Calculation of the melting temperature (Tm) from the first derivative

Description

diffQ is used to calculate the melting temperature (Tm) but also for elementary graphical operations (e.g., show the Tm or the derivative). It does not require smoothed data for the MCA. The parameter rsm can be used to double the temperature resolution by calculation of the mean temperature and mean fluorescence. Note: mcaSmoother has the n parameter with a similar functionality. First the approximate Tm is determined as the min() and/or max() from the first derivative. The first numeric derivative (Forward Difference) is estimated from the values of the function values obtained during an experiment since the exact function of the melting curve is unknown. The method used in diffQ is suitable for independent variables that are equally and unequally spaced. Alternatives for the numerical differentiation include Backward Differences, Central Differences or Three-Point (Forward or Backward) Difference based on Lagrange Estimation (currently not implemented in diffQ). The approximate peak value is the starting-point for a function based calculation. The function takes a defined number n (maximum 8) of the left and the right neighbor values and fits a quadratic polynomial. The quadratic regression of the X (temperature) against the Y (fluorescence) range gives the coefficients. The optimal quadratic polynomial is chosen based on the highest adjusted R-squared value. diffQ returns an objects of the class list. To accessing components of lists is done as described elsewhere either by name or by number. diffQ has a simple plot function. However, for sophisticated analysis and plots its recommended to use diffQ as presented in the examples as part of algorithms.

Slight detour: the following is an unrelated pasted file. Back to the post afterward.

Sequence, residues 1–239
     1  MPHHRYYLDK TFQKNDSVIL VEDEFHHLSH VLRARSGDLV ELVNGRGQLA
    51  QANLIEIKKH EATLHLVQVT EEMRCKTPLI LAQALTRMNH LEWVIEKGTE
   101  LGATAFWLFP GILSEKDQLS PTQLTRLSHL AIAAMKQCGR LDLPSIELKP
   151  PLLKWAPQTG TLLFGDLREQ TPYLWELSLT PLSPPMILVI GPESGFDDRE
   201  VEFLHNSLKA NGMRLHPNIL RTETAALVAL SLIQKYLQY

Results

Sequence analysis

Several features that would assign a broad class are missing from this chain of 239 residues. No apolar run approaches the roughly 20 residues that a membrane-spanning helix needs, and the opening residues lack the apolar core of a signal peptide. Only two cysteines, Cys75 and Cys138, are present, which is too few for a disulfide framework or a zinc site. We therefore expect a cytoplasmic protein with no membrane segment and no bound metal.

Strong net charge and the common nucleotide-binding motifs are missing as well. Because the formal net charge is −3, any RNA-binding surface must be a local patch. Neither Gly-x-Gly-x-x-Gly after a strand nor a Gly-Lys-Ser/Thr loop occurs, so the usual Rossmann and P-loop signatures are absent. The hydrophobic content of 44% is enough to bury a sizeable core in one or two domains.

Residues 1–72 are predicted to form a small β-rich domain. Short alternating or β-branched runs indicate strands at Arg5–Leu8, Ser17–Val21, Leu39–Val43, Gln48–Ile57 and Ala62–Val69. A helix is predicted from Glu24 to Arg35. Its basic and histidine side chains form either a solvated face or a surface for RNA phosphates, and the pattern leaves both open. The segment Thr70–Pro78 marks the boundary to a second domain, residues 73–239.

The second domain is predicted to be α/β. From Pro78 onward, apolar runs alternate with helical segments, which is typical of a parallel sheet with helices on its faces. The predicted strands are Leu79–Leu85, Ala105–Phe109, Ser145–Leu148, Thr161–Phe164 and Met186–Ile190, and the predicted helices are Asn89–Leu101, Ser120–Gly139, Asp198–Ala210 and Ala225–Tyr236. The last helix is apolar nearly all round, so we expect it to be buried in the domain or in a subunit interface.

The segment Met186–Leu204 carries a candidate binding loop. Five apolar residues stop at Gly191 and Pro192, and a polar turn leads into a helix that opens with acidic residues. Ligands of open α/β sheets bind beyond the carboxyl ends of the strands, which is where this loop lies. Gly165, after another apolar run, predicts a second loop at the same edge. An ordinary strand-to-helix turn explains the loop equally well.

Usage

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diffQ(xy, fct = min, fws = 8, col = 2, plot = FALSE, verbose = FALSE,
  warn = TRUE, peak = FALSE, negderiv = TRUE, deriv = FALSE,
  derivlimits = FALSE, derivlimitsline = FALSE, vertiline = FALSE,
  rsm = FALSE, inder = FALSE)

Arguments

xy

is a data.frame containing in the first column the temperature and in the second column the fluorescence values. Preferably the output from mcaSmoother is used.

fct

accepts min or max as option and is used to define whether to find a local minimum (“negative peak”) or local maximum (“positive peak”).

fws

defines the number (n) of left and right neighbors to use for the calculation of the quadratic polynomial.

col

is a graphical parameter used to define the length of the line used in the plot.

plot

shows a plot of a single melting curve. To draw multiple curves in a single plot set plot = FALSE and create and empty plot instead (see examples).

verbose